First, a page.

In preparation for a future human mission to Mars, NASA has released 50 objectives that need to be met in order for us to reach the red planet, and is looking for feedback on them.
Meanwhile, the Canadian Space Agency announced the 20 semi-finalists in a Deep Space Health Care Challenge to develop new technologies for astronaut health during a Mars mission that could also be applied to remote locations on Earth.
Breaking down the logistics to get to Mars
To plan for such a journey, they have come up with a list of necessary objectives including systems for getting people and equipment to the surface of Mars, planning habitats in which Martian voyagers will live, and things like power systems to provide electricity on the surface . There are vehicles, robotic systems and science objectives to prioritize.
To brainstorm all this, they are looking for input from people within NASA, stakeholders in industry and academia, and the public.
The idea for many of these technologies is to test them on the moon then adapt them to function on Mars. But in addition to the rockets, habitats and rovers needed for Mars exploration, one of the biggest issues will be astronaut health.
Space travel is hard on the human body as astronauts who have lived on the International Space Station have found out.
Health considerations of space travel
Canadian astronauts Robert Thirsk, Chris Hadfield and David St. Jaques each spent up to half a year on the space station, and had to deal with disorientation, bone loss, vision problems and muscle atrophy. That’s after only six months in microgravity.
Even a short visit to Mars and back will take approximately three times as long as our Canadian astronauts spent on those long-duration space station missions. A full Mars mission will take at least 500 days — most of that in zero gravity and the rest in the low gravity of Mars, which is about one third of that on Earth. The physical and mental challenges will be huge, and if there is a medical emergency, help is a long, long way away.
This is, in many ways, similar to the problems faced by remote communities in Canada where health care institutions and infrastructure are thin on the ground. In fact, research on remote medicine could have applications on the ground in Canada, and in space.
Challenge to support healthy space travel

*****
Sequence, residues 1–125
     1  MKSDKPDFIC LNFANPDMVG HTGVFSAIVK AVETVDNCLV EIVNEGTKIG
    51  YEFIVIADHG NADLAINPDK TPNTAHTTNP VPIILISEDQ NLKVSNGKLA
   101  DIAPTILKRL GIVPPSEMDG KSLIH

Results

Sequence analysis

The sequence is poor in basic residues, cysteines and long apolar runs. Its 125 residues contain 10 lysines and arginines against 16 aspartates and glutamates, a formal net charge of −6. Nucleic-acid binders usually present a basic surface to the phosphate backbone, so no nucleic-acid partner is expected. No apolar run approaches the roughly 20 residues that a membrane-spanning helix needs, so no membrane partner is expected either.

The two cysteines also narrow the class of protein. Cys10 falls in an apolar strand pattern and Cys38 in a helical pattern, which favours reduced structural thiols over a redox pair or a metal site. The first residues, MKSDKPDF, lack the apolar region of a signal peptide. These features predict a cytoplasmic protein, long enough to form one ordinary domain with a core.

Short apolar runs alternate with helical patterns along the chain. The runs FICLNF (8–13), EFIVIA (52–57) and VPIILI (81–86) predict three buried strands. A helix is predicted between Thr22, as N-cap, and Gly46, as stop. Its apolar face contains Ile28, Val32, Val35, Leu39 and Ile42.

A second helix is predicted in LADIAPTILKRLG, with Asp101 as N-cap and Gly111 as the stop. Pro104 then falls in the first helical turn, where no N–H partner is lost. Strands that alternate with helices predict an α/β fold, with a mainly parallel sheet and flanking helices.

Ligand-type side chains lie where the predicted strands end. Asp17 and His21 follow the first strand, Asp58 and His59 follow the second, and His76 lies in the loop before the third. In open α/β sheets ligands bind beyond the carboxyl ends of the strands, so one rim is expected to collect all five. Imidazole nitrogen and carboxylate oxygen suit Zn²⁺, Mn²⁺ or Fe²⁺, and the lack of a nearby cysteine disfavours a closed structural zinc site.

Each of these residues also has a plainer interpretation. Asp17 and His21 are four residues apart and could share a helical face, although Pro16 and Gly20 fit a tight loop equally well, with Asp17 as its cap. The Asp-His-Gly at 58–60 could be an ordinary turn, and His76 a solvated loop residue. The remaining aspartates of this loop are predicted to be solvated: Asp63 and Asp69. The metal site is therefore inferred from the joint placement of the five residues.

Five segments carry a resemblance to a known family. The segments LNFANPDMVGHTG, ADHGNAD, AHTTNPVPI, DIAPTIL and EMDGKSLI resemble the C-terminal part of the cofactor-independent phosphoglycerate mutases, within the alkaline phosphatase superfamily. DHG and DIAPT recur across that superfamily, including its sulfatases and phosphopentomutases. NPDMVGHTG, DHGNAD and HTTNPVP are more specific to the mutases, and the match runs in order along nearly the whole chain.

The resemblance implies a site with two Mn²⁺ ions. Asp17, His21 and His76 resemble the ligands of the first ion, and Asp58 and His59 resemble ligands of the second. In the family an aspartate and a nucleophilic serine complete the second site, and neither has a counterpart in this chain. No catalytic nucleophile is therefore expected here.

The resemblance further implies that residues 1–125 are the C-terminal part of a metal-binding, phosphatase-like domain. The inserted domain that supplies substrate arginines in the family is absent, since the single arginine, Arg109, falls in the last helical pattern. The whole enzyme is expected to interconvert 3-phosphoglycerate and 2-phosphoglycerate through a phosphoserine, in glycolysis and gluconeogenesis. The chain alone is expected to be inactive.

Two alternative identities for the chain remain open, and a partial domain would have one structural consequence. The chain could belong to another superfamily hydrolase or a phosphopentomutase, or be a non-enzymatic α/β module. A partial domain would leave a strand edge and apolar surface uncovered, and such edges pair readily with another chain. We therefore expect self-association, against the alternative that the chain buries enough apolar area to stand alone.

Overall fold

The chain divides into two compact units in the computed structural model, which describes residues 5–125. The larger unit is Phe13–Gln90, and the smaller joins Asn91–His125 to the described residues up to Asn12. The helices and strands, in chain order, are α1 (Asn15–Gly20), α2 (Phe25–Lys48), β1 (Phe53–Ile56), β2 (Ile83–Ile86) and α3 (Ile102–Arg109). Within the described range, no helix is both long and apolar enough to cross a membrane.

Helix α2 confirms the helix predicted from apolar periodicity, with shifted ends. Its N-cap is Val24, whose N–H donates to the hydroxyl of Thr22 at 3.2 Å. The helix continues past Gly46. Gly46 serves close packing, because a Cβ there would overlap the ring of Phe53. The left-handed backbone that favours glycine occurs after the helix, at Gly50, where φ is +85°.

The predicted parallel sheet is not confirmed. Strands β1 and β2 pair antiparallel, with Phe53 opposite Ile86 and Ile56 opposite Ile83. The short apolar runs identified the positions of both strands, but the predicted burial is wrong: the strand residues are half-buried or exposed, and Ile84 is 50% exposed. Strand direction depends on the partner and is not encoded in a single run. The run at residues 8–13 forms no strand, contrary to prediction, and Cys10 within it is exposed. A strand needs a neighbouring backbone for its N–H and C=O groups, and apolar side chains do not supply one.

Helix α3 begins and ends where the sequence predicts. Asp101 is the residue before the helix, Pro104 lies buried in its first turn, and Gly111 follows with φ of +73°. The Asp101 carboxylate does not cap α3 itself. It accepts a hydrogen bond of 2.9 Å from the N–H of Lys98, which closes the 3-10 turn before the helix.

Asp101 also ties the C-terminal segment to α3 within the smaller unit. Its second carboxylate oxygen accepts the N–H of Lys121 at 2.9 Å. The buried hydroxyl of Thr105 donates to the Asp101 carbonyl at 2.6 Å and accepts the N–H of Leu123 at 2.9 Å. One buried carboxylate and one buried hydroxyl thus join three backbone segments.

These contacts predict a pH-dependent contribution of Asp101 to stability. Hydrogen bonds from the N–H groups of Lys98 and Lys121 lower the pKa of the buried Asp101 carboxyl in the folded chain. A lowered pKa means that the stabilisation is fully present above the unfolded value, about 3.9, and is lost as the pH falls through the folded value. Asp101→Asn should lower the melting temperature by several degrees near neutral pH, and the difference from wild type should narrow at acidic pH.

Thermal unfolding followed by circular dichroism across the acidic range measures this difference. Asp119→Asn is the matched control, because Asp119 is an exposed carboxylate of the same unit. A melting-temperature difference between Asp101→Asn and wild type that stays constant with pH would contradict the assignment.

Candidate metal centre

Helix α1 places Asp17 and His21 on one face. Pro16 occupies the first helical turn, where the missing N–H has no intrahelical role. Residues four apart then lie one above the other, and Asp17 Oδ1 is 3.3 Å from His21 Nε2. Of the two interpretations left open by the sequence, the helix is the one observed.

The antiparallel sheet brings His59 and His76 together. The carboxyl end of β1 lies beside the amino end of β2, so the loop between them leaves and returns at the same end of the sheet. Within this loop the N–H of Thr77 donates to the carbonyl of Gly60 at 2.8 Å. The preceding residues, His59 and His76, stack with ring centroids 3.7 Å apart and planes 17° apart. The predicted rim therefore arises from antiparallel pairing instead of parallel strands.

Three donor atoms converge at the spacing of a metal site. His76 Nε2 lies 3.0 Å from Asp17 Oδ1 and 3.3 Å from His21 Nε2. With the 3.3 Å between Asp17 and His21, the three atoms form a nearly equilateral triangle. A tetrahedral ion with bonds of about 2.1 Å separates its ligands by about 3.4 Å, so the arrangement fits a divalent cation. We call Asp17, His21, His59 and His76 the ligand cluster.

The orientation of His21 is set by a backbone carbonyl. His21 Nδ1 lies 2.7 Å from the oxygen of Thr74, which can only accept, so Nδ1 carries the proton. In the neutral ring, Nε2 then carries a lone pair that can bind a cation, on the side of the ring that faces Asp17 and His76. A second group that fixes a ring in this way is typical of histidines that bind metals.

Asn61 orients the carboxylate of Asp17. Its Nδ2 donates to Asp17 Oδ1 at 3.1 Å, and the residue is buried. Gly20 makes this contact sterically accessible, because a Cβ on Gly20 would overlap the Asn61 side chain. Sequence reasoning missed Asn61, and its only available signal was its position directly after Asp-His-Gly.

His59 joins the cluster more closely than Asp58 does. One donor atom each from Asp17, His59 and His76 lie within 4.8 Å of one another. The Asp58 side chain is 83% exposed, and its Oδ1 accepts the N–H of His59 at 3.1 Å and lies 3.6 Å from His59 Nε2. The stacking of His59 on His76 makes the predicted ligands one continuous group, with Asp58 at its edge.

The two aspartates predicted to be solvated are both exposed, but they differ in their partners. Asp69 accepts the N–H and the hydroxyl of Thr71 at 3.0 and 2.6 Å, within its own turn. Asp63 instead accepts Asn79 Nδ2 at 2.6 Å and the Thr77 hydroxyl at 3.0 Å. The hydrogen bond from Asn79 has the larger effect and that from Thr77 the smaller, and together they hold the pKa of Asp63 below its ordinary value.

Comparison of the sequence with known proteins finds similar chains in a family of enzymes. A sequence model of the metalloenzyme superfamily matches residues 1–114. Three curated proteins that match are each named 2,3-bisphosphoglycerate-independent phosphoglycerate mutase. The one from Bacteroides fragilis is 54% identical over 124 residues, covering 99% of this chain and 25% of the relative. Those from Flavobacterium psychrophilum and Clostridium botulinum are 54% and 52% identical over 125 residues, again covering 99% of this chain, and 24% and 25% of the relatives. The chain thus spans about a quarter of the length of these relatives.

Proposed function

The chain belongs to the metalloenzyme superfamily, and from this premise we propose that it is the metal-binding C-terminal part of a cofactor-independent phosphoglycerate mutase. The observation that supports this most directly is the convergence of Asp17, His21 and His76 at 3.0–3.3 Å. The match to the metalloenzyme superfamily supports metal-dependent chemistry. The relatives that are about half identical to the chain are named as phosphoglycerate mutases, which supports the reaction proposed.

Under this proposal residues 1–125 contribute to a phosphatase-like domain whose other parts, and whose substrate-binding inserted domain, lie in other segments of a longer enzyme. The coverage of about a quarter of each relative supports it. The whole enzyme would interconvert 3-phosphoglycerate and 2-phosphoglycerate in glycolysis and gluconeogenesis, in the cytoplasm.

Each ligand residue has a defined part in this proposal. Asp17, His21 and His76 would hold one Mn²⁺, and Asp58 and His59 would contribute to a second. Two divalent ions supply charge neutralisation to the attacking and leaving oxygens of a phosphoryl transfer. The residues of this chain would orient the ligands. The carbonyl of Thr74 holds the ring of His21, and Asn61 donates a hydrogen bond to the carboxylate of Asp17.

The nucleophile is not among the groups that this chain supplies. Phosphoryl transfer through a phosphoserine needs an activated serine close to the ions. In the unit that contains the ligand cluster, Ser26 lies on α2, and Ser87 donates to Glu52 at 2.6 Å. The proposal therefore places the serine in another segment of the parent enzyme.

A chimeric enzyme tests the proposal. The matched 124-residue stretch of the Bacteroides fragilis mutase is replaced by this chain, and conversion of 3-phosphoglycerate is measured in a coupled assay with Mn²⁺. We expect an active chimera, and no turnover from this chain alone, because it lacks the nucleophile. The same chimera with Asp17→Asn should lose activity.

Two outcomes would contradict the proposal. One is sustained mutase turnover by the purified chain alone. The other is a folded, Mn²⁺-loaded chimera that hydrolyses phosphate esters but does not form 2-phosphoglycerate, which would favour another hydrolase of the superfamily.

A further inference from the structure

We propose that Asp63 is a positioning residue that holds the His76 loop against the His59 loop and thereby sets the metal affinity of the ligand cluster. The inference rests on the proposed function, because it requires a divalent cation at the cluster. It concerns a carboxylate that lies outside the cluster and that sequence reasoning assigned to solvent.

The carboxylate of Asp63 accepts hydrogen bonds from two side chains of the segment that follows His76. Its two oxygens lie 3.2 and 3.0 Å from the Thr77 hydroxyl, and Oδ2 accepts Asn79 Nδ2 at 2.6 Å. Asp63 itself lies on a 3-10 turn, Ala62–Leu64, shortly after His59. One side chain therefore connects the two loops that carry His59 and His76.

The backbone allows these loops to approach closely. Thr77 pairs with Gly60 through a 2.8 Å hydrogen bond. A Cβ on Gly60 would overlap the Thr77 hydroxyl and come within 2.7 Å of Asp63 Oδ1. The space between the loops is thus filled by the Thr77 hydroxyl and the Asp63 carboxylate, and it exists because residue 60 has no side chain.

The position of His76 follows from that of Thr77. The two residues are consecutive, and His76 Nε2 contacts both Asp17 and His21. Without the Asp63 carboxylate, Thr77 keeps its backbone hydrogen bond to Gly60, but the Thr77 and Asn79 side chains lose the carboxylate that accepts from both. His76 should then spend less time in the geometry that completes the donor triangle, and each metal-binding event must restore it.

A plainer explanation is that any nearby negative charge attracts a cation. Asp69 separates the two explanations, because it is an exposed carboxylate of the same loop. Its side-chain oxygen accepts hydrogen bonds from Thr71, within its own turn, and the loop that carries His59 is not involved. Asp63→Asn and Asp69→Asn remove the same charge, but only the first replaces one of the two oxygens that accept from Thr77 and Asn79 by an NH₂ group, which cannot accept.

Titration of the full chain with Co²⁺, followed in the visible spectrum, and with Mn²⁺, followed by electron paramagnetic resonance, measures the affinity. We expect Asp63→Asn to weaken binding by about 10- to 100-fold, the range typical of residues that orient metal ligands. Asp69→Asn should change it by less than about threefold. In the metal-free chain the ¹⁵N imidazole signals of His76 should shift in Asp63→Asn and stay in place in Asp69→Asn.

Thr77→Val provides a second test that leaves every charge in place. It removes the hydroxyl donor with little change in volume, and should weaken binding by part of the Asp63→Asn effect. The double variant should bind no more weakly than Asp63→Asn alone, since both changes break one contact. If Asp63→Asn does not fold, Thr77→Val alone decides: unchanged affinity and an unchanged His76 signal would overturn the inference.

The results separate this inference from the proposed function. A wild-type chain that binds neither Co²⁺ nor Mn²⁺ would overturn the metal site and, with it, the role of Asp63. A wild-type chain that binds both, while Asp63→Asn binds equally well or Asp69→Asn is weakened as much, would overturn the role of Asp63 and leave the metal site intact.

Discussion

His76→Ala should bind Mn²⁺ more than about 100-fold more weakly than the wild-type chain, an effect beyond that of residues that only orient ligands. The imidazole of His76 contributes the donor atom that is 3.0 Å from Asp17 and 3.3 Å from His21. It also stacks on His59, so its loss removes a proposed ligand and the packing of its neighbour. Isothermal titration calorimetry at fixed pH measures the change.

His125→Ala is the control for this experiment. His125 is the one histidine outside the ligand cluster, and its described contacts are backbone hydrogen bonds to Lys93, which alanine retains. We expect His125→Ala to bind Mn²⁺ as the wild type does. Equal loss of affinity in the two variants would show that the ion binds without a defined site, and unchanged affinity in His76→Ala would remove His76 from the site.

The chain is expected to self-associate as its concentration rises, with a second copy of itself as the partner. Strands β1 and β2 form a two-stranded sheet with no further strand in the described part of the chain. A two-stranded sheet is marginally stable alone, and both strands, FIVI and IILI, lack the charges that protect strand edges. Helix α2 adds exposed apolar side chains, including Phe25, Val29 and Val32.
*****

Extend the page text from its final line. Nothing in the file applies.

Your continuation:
To meet the need for remote health care — with an eye on Mars — the Canadian Space Agency, along with supporting partners at Indigenous Services Canada and the government-supported innovation incubator, the CAN Health Network, created a competition to develop or adapt technology for remote medicine, with a grand prize worth $500,000.
According to their website the challenge is “… to develop novel diagnostic and detection solutions that can support frontline health workers in detecting or diagnosing medical conditions in remote communities now, and eventually crews on long-duration space missions.”
These technologies can address any of a long list of health concerns, from chronic problems like cardiovascular and mental health conditions to traumatic injuries. Proposals from the semi-finalists include wearable devices that can monitor vital signs and diseases, an artificial intelligence-enabled virtual medical assistant, robots that can do cancer screening, and ultralight “head-sized” MRI machines.
The semi-finalists, from industry and academia, must provide proof-of-concept in 10 months, when five finalists will be awarded $350,000 to develop a working prototype. In the fall of 2023, their prototypes will be evaluated and a grand prize winner will be announced in the winter of 2024.
A common justification for space flight is how technology developed for astronauts can be spun off to benefit people on Earth. This competition is a rare case where those on the ground may reap the benefits first.